Deeply cross cultural, humanitarian, political and global poems about how humans deal with suffering across the world. These are poems about cultures rubbing up against each other, war, refugees, child soldiers, spiritual refugees trying to find a home, and a mother who is witnessing these firsthand. Rare ethnographic poetry by a world traveling cultural anthropologist and human rights activist.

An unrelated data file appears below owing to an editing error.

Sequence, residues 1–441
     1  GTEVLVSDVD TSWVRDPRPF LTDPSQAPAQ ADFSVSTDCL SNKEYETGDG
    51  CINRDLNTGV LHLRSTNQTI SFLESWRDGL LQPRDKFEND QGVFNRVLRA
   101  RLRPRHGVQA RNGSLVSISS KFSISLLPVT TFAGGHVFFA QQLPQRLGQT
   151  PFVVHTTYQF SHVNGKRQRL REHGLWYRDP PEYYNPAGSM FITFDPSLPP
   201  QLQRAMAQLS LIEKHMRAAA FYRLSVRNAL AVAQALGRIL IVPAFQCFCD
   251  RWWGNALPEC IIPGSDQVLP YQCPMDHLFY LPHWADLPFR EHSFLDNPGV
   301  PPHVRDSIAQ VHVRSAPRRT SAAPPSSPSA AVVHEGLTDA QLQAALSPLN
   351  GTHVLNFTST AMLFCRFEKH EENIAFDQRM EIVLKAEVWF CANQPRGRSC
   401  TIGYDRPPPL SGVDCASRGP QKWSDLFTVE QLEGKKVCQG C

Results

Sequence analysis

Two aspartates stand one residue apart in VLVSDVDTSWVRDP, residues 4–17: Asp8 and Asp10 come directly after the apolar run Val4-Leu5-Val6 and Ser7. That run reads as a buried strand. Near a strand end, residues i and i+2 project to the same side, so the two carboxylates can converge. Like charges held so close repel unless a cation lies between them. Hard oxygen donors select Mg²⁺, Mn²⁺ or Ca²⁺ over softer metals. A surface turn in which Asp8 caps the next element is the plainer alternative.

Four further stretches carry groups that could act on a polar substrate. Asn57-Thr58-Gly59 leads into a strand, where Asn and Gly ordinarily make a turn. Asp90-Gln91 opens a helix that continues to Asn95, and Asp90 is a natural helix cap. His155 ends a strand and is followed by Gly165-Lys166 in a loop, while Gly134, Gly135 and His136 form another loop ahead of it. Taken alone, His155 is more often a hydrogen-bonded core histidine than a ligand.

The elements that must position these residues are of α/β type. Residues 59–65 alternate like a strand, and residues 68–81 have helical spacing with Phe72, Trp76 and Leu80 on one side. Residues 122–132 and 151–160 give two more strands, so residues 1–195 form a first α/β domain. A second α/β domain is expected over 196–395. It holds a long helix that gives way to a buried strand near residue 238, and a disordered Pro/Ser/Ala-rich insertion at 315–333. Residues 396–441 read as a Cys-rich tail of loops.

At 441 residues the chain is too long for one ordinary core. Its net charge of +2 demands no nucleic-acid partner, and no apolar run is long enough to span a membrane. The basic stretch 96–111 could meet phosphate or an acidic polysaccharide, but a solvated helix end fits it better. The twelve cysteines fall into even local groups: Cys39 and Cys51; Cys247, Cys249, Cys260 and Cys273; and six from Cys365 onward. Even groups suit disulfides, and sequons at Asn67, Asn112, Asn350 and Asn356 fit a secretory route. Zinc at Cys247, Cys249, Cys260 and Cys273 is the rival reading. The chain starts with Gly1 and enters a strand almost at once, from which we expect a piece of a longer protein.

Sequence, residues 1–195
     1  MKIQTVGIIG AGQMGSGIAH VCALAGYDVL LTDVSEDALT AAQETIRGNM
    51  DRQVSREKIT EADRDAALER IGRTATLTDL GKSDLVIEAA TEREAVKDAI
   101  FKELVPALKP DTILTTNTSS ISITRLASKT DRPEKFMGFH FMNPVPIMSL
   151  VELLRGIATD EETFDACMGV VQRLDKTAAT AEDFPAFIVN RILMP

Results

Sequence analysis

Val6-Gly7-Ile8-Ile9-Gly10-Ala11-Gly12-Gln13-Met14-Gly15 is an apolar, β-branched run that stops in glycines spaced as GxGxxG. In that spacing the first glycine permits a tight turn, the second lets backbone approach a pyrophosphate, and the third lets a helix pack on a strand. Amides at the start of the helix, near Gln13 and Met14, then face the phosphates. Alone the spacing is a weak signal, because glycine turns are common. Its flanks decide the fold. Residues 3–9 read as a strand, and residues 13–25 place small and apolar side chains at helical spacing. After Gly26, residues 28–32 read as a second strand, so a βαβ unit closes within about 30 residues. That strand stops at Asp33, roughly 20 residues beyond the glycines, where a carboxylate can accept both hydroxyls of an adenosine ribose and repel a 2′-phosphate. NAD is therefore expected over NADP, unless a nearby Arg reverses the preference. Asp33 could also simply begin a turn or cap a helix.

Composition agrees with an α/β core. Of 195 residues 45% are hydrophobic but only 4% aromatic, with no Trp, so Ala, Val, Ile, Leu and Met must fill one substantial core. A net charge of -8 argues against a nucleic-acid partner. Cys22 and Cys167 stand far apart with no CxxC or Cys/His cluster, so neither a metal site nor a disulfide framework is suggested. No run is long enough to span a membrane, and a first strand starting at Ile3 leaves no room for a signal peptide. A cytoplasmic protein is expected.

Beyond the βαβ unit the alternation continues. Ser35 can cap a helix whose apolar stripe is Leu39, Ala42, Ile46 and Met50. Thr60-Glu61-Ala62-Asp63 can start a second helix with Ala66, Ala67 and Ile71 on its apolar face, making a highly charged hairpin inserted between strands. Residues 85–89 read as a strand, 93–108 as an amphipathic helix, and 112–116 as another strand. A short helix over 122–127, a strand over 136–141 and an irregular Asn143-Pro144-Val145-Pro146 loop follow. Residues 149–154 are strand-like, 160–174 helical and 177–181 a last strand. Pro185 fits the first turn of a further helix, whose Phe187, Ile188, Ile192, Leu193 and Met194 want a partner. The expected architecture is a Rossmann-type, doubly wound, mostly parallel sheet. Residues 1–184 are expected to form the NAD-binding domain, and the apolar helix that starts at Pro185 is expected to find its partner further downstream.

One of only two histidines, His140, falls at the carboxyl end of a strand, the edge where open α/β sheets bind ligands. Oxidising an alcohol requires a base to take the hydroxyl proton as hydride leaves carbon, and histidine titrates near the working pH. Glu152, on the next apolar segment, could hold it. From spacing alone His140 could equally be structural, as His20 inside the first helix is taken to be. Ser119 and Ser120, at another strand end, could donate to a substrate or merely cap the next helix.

There is no question that Kusserow, a professor of cultural anthropology, is well-versed in the conceit illustrated by her new book that "the suffering of Kenya begets Uganda,/ begets my husband,/ begets me, begets Ana, begets her brother " And from one perspective, Kusserow has taken a risk, bridging the experience of Sudan during its civil war, with that of Vermont, where a crow picking at compost triggers a reverie: "suddenly I knew how war/ must feel on the earth's beleaguered back,/ the constant pecking." Sometimes, however, Kusserow's use of a simile and moralistic analysis to describe the brutalized population of a faraway place (a "freshly pummeled" woman "lies like pounded meat in the gutter"; boys walking a thousand miles to safety are "packs roving like hyenas") undermines her subject matter. At its best, this book asks how to make poetry from sufferings of others. Would refugees tell their stories how we tell them? Is a secondhand telling, exoticized, tantamount to a second banishment stories rent from those who lived them? Kusserow could go deeper than she has to address these questions.